Blair suffered a blow to his faltering domestic authority when 69 lawmakers from his party voted against key education reforms late on Tuesday. Further rebellion was expected in Wednesday's final vote.
The government easily won Tuesday's vote, but Blair was forced to rely on the support of the main opposition Conservative party to defeat an amendment.
"There are likely to be fewer rebellions than Tuesday, but we're sure that enough people will vote against to ensure that the Conservative votes are needed to carry the bill," said Labour lawmaker Jon Trickett.
In March, 52 of Labour's 353 lawmakers defied Blair to vote against the schooling plan, again leaving him needing opposition support.
"He's not the first prime minister to rely on opposition support, but this is within a year of being re-elected, a year in which he's suffered four defeats, won other votes by just one vote and needs the help of the Tories to get through his key legislation," said Philip Cowley, author of "The Rebels: How Blair Mislaid His Majority."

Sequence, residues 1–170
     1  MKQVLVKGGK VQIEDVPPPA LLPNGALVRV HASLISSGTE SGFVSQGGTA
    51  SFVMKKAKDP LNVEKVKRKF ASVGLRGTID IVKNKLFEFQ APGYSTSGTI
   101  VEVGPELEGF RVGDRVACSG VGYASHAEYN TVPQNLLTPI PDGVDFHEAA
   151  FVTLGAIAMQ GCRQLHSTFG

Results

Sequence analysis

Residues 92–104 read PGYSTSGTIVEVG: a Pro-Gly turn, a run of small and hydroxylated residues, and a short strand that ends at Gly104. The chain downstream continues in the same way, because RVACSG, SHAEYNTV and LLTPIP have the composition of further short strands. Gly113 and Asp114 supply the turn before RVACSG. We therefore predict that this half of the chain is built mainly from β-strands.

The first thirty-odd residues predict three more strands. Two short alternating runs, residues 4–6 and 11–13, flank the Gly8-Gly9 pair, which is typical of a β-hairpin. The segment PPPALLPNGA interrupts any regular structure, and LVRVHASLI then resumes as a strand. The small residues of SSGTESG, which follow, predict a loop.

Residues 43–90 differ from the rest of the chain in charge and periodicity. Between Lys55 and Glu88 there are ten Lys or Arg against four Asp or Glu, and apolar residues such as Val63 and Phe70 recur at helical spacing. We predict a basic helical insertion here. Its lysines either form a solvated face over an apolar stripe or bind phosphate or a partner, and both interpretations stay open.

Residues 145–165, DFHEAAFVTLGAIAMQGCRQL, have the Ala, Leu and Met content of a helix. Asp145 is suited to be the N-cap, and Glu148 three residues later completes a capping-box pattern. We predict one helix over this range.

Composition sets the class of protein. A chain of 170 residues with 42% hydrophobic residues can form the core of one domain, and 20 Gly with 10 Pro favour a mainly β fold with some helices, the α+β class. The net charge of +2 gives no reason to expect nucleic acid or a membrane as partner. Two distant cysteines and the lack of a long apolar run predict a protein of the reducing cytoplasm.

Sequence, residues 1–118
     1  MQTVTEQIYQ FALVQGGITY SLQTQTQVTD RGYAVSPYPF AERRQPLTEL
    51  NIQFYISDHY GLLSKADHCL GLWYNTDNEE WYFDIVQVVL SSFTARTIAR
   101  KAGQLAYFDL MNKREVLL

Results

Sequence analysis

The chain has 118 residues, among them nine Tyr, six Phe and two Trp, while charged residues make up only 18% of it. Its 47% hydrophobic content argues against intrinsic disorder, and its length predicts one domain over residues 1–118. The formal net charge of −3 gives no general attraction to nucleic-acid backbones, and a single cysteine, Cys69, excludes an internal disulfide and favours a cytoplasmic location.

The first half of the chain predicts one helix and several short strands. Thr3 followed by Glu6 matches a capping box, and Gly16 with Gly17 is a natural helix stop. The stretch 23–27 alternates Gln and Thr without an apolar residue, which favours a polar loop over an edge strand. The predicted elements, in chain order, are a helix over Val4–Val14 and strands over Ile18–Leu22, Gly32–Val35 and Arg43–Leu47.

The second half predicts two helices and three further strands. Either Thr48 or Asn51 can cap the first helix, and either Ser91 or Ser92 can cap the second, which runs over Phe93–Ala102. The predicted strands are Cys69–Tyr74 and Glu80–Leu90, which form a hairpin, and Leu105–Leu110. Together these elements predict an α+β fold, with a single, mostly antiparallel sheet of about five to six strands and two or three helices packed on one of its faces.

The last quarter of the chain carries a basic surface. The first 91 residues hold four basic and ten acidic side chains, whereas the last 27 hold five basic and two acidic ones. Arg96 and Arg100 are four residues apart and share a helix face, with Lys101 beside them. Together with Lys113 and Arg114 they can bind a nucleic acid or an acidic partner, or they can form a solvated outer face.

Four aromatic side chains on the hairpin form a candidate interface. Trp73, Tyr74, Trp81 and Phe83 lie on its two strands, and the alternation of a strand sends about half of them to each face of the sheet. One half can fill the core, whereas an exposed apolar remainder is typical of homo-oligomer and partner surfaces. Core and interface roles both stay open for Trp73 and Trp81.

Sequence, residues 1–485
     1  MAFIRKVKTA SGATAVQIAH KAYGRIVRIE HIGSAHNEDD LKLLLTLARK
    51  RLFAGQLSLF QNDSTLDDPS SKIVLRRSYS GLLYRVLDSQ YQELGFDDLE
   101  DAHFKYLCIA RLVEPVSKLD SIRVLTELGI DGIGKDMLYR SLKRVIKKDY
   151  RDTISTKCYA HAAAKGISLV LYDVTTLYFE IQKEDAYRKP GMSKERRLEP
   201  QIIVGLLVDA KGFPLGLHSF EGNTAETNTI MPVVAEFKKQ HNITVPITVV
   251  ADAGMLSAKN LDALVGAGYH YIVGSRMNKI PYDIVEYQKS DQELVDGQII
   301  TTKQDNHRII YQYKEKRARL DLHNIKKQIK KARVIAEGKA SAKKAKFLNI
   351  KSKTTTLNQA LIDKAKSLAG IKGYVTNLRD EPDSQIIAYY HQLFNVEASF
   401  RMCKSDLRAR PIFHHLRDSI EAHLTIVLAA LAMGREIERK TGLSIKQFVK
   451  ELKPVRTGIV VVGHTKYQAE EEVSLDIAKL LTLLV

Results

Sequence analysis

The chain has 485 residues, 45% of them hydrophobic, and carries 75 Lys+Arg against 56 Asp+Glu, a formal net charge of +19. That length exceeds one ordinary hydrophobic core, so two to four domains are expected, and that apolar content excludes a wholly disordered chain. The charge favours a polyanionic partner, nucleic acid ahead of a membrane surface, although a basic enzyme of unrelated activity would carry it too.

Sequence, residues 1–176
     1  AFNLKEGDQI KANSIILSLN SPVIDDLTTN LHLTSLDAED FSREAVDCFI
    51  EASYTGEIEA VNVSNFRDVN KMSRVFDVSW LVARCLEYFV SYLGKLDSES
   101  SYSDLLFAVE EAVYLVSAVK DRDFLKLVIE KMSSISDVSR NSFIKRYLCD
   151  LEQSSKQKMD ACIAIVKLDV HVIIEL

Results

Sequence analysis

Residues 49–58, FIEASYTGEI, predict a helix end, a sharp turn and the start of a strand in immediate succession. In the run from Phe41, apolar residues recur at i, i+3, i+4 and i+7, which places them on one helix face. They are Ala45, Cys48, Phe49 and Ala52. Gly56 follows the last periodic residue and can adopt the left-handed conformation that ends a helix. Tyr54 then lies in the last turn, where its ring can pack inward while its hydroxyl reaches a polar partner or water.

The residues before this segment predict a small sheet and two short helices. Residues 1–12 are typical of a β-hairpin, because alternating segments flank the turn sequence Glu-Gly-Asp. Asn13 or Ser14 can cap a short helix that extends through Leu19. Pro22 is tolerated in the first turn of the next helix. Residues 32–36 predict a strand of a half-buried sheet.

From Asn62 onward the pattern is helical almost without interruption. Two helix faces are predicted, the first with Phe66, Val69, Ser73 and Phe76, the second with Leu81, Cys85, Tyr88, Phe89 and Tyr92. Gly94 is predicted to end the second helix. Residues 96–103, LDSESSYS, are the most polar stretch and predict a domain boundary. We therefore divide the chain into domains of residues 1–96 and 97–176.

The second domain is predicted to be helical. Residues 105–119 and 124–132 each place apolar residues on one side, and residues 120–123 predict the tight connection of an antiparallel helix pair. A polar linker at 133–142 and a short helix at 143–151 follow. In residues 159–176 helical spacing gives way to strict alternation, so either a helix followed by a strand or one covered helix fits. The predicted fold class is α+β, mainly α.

Cowley said more than 30 no votes or abstentions would be the largest in a third-reading vote since Blair took office in 1997; more than 37 would exceed the largest previous Labour rebellion, in 1947.
Opponents of the bill fear the new laws will give the private sector too much influence in schooling and create a two-tier system, with good schools getting better and weak ones getting worse, the AP reports.
Blair says his proposed changes are necessary to boost schools' standards and central to his vision of modernizing Britain's public services.
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